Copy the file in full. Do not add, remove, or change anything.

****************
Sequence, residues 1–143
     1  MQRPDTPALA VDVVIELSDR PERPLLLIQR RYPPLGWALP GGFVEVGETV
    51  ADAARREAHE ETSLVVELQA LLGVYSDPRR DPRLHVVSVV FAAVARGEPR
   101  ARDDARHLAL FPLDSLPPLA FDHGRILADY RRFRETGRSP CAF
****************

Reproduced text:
Sequence, residues 1–143
     1  MQRPDTPALA VDVVIELSDR PERPLLLIQR RYPPLGWALP GGFVEVGETV
    51  ADAARREAHE ETSLVVELQA LLGVYSDPRR DPRLHVVSVV FAAVARGEPR
   101  ARDDARHLAL FPLDSLPPLA FDHGRILADY RRFRETGRSP CAF